Volunteers help rebuild Rosharon greenhouses destroyed during Hurricane Harvey
ROSHARON, Texas – Dozens of volunteers had all hands on deck to help two Rosharon families still recovering after Hurricane Harvey.
The greenhouses were the residents' livelihoods, and now they are in a much better place to continue to grow their crops with the help of several local nonprofits.
Every hit of the hammer and dig of a shovel is part of the volunteers' mission.
"We want to get our hands dirty and help these families," said Linda Luong, Ascend Houston chapter president.
Ascend Houston is a local nonprofit whose members volunteered Saturday to help bring two immigrant families back on their feet after their greenhouses were severely damaged, some destroyed after Hurricane Harvey.
"The greenhouses were these families' sources of income," Luong said.
Ascend Houston members volunteered under Alliance, a local nonprofit that aims to help refugees, immigrants and underserved residents become self-sufficient and improve their quality of life.
"This is what I grow," Hoang Zeng said, pointing to water spinach. Zeng, a Rosharon resident, has had her greenhouses more than 13 years.
Water spinach or in Vietnamese, Zeng's native language, "ong choy," is Zeng's only crop.
"I grow the vegetables," Zeng said. "This is what I farm. This is my livelihood."
When Harvey hit, Zeng was worried she would lose everything.
"I was scared ... I was crying ... I was praying ... Keep praying to God," Zeng recalled.
The storm did damage her greenhouses and parts of her home. It has been a slow and long recovery process. However, Saturday, dozens of volunteers made Zeng smile from ear to ear.
"We're ripping out the plastic and the wood to eventually put a new frame up," one volunteer said.
All bared the heat and mild drizzles to help the Zeng family recover.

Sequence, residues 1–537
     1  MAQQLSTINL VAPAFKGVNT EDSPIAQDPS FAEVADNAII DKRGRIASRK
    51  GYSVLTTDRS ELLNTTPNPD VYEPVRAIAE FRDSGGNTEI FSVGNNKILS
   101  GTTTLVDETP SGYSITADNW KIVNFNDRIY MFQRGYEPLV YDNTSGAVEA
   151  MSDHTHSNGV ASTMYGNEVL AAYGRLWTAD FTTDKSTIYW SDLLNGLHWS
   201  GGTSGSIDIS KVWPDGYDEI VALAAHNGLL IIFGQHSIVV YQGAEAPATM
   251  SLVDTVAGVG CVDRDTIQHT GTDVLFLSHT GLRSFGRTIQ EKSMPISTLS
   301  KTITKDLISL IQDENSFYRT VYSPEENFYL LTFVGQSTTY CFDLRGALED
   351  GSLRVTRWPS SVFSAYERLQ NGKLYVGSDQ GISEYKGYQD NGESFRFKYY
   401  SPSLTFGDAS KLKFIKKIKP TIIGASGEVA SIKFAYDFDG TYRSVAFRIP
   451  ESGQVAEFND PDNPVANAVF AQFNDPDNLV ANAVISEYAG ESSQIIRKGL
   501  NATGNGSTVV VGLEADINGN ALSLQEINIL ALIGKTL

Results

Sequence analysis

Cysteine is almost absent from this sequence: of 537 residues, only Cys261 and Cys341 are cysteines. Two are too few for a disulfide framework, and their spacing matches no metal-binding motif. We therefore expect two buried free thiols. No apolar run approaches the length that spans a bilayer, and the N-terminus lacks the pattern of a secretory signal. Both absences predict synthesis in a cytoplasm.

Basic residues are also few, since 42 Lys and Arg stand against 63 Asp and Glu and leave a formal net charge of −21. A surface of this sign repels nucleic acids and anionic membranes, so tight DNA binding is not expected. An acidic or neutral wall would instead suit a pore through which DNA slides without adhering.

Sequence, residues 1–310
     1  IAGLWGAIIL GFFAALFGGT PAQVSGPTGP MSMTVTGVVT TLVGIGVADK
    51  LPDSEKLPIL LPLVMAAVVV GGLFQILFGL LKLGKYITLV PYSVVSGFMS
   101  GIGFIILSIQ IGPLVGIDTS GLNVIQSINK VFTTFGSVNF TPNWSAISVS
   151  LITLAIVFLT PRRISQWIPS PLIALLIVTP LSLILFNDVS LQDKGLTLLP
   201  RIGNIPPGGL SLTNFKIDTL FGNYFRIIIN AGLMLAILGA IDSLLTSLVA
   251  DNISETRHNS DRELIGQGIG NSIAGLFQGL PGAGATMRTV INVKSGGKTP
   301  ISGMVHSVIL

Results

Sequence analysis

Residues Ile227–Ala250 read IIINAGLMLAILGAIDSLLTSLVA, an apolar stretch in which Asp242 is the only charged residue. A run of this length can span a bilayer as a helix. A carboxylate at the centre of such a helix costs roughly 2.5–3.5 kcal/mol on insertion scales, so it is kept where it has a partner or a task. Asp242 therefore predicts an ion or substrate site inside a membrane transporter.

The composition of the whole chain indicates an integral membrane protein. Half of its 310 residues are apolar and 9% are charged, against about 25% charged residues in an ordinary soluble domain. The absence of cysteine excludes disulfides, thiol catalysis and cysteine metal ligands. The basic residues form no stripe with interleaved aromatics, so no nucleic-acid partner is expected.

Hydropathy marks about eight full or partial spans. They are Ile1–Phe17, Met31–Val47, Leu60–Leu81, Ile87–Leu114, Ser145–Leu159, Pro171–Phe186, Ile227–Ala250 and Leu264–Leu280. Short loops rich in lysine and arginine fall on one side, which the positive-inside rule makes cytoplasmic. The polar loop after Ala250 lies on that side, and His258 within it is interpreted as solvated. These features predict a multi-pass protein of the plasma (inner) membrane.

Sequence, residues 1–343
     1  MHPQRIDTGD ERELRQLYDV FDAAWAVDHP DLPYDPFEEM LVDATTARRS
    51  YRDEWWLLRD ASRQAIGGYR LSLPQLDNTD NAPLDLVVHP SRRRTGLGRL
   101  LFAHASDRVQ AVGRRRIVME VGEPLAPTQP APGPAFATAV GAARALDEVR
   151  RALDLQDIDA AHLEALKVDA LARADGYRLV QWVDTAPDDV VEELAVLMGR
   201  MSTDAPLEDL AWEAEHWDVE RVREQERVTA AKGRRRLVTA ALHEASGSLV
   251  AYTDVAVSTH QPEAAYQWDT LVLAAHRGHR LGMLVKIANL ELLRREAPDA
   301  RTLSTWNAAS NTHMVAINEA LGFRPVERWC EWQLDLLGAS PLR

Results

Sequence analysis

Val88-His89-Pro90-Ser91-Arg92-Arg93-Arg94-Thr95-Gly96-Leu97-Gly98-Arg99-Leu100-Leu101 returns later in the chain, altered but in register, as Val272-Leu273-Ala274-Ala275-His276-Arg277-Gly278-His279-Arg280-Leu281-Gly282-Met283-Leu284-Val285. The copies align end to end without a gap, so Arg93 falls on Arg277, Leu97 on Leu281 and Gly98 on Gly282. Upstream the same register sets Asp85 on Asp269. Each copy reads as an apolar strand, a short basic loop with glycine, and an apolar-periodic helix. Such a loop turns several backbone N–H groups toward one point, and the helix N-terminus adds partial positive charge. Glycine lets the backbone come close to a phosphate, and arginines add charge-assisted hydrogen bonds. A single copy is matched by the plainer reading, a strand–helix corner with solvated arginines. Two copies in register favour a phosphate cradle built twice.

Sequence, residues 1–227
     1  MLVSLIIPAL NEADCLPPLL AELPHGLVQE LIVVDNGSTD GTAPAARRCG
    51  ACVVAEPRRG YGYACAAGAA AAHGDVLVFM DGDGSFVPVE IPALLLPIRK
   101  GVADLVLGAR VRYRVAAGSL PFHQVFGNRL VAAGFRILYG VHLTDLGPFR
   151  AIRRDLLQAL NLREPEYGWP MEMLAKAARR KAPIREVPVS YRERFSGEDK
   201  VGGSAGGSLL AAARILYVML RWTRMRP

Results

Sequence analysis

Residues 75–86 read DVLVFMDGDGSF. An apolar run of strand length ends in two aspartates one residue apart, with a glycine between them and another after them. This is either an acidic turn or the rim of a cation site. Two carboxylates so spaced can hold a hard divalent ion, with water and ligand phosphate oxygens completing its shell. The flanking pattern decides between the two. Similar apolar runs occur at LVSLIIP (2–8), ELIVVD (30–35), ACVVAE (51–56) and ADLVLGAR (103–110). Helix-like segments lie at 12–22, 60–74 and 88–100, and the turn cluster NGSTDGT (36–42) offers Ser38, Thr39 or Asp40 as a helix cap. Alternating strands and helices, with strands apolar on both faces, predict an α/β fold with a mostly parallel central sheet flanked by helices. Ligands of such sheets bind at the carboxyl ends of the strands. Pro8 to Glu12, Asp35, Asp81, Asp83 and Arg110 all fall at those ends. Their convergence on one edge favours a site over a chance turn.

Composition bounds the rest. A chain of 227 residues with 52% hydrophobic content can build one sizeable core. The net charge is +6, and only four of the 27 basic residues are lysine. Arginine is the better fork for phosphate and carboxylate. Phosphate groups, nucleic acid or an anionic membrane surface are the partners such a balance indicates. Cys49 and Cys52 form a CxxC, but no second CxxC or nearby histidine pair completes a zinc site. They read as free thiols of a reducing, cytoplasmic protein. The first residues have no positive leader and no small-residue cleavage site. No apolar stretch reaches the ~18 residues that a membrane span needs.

"I hope that they feel welcome here," said Maha Aziz, a volunteer representing AIG, a sponsor of Ascend, which raised funds from all over the nation to help families like the Zengs.
"We're all one community, and I think it's really great that Houston comes together," Rayn Roche, Ascend Houston's Executive Vice President, said.
The Zeng greenhouses will be restored. Just down the road, one could hear the clinking of metal. Dozens of volunteers also helped her neighbor a five-minute drive away.
Yensal Sao, another greenhouse owner, couldn't be more thankful. Sao's husband is in a hospital. Her greenhouse was destroyed. The Saos had been trying to grow crops without it.
"We're going to build her a new greenhouse," said Marin Yann, a disaster case manager with Alliance.
Volunteers took in the metal, which will soon be the framing of the greenhouse.
"I'm so happy! So very happy!" Sao laughed.
For these Rosharon cultivators, the help is life-changing.
"Thank you so much. I thank God every day for these nice people who are willing to help me," Zeng said, near tears.
Organizers of Alliance, the nonprofit that who spearheaded the project and collaboration, said they have the capacity and funds to help more families.
Ascend Houston: https://www.ascendleadership.org/
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